But there are also lots of cities with positive downtown stadium experiences. Tampa hopes to one day join the ranks. But there will always be that pesky question of, "at what cost?"
An investigation from FOX 5 in Washington D.C. looked at the big crowds populating Nationals Park and its surrounding area, finding plenty of indications of unfulfilled economic promises:
In a report used by the city's Chief Financial Officer to obtain financing, the city had counted on the stadium to bring in $24 million a year last year from taxes on tickets, parking and concessions. In fiscal 2012, tax figures provided by the CFO's office showed the stadium only brought in $12.6 million in tax revenue despite finishing with the league's best record.There's no telling if DC will ever break even on the Nationals deal, since exact economic effects are tough to track and so much of a stadium's value isn't financial.
"Having a team, a baseball team in Washington is a great, great thing. But having a winning team is not the same as saying it's a winning financial bid for the city," said Ed Lazere, Executive Director of the DC Fiscal Policy Institute.
The group believes the numbers show the stadium isn't pulling its weight. It was critical of a taxpayer-funded stadium then and now.
The city tapped a ballpark fee and utility tax on businesses to pay the lion's share of the stadium. That tax brought in $42.6 million last year, according to the District's CFO's office.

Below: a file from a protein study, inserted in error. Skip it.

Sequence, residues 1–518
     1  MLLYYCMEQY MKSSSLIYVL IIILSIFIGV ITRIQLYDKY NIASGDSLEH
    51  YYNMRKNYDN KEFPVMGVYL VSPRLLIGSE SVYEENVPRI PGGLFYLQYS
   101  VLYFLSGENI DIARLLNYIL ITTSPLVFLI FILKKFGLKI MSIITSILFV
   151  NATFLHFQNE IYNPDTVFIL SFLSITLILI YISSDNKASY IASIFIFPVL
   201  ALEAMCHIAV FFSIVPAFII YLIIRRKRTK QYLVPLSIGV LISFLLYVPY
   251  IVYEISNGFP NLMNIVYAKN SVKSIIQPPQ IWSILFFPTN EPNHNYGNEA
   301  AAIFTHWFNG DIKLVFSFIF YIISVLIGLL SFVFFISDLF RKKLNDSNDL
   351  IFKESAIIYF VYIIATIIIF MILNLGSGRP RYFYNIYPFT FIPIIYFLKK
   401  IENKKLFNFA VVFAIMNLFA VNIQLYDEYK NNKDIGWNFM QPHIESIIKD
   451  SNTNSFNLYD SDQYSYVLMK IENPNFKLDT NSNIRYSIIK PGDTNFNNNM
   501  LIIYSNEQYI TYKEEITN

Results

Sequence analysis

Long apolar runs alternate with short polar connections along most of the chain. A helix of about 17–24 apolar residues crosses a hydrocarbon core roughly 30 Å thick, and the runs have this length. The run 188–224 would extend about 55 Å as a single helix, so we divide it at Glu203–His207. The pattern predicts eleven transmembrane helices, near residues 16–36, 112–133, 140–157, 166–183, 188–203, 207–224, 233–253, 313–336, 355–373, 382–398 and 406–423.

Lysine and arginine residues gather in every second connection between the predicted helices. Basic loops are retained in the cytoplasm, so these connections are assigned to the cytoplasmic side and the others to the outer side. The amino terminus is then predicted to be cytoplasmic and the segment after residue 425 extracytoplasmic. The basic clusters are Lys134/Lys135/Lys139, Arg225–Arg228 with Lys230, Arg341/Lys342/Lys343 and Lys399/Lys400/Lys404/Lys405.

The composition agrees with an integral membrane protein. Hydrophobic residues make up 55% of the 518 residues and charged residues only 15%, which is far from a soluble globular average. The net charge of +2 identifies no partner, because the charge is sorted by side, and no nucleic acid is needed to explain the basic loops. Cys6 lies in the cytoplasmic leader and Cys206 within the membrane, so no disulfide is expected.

The team owners chipped in only $5 million in rent. Critics call it corporate welfare for billionaire baseball owners that don't benefit the welfare of the city.
"There is no doubt we could clearly use those resources to pay for things that are important to the city ... our libraries and recreation centers are not open on Sundays for the most part because we don't have the money to keep them open," Lazere pointed out.
But in Tampa, politicians will repeatedly face the question, "can this money be better-spent elsewhere?"
Mayor Bob Buckhorn has made it clear $100-$150 million will soon be available to a possible stadium from tax-incremental financing (TIF) revenues that can only be spent in Downtown Tampa.
But that's not "free money" - those are tax dollars. And that money could go toward a lot of other places: upgrading buildings, renovating the Tampa Bay Times Forum, building a transit hub, or even buying/rebuilding the biggest blight on the city's waterfront, Channelside Bay Plaza.